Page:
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While on vacation, people often imagine what it would be like to live in their getaway location. Could they be happy living at the beach full time? What would it be like to experience living in another country for years, instead of a week or two? In an attempt to extend this natural thought experiment, some home furnishing retailers and brands have established vacation rentals equipped exclusively with their products, encouraging visitors to find ways to integrate the vacation décor back into their surroundings when they get home.

In a partnership with the popular VRBO platform, Home Depot has transformed a massive, seven-bedroom house in the Berkshire Mountains into a lakeside entertaining space. Interested guests will learn all about the paint palettes throughout the house, lighting options, and bedding collections—all of which are available for sale at Home Depot of course. But it isn’t as if the orange color scheme and industrial design that the retailer applies in its stores appears in the house. Rather, it has tapped of-the-moment designers and influencers to select the items that have been installed in the house, including Fariha Nasir (Pennies for a Fortune) and Holly and Brad Lauritzen (Our Faux Farmhouse).

Speaking of influencers and decorators, Chip and Joanna Gaines, famous for their Magnolia Homes renovation business and their Fixer Upper series on HGTV, maintain rental properties near Waco, Texas. In so doing, they can expand their reach and brand, by ensuring that the rentals reflect the homespun style and muted colors that the Gaineses have made famous and deeply popular through their show—and that are available for sale in their Magnolia retail stores and websites.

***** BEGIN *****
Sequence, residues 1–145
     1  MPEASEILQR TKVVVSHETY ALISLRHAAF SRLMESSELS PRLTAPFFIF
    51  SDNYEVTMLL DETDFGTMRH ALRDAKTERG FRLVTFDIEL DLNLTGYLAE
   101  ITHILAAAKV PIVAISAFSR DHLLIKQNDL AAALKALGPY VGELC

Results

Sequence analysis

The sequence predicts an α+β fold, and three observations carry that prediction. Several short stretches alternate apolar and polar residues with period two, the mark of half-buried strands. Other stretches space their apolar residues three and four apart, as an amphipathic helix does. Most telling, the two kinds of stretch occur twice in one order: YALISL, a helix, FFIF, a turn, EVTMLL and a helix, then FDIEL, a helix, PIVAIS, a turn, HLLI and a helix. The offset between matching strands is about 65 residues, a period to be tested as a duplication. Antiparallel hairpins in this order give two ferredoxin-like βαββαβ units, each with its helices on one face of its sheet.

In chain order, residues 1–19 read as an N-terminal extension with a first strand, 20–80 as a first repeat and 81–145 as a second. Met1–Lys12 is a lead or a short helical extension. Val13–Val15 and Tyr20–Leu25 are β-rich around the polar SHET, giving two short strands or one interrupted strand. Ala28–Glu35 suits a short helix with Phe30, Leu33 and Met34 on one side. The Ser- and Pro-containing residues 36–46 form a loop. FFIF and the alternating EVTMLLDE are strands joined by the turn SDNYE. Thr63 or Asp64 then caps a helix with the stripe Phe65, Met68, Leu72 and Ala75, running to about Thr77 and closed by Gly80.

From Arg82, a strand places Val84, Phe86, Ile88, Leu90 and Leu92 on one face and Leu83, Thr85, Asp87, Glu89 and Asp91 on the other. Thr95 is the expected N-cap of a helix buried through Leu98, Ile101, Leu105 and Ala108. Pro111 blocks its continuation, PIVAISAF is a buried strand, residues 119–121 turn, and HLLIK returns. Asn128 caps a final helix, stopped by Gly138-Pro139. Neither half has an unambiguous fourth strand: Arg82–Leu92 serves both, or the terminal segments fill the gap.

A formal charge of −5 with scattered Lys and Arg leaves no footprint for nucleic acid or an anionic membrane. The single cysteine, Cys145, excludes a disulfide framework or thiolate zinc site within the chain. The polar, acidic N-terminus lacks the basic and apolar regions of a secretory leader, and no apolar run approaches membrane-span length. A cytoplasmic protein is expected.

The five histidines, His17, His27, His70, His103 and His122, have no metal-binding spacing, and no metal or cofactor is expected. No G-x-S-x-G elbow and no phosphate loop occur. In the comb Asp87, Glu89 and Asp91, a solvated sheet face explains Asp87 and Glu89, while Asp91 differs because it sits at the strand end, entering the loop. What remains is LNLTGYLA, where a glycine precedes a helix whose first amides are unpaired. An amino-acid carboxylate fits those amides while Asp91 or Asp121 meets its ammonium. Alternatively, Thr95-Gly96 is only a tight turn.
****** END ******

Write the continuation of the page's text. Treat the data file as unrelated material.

Rather than forcing visitors to make a separate visit to stores to purchase the items in their rental properties, HomeGoods repeatedly redecorates its two-bedroom house in the Hudson Valley. Thus, guests who stay can simply purchase the items installed in the space and take them home at the moment.

Whereas HomeGoods’ house functions mainly as a promotion, available for less than $30 per night, suites at the RH Guesthouse in Manhattan can run visitors $7500 for a one-night stay. The retailer (previously known as Restoration Hardware) spared no expense in designing an exclusive, luxury experience, with charcuterie boards instead of mini bars and sofas upholstered in Loro Piana cashmere. The Guesthouse is completely aligned with RH’s aesthetic, because “The entire concept was developed internally. We did the architecture, designed the space, developed the restaurants, created the menus, and conceptualized the guest experience.”

People love to bring home souvenirs from their vacations. For home furnishing retailers and brands, this desire represents a compelling reason to let people take home the very pillows, blankets, or design inspiration on which they slept.

Discussion Questions

  1. Would you want to stay in a house maintained by Home Depot? HomeGoods? Magnolia Homes? RH? Do your answers differ for the different brands?
  2. What channels could these retailers leverage to make it easier for consumers to purchase the items that furnish rental properties?

Sources: Matthew Stern, “Should Home Depot Go on Vacation with Its Customers?” Retail Wire, November 3, 2022; Dobrina Zhekova, “RH Just Opened a Stunning Hotel in NYC—and We Got a First Look,” Travel + Leisure, September 8, 2022; Ingrid Vasquez, “The Home Depot Has Built the Ultimate Fall Vacation Rental,” People, October 31, 2022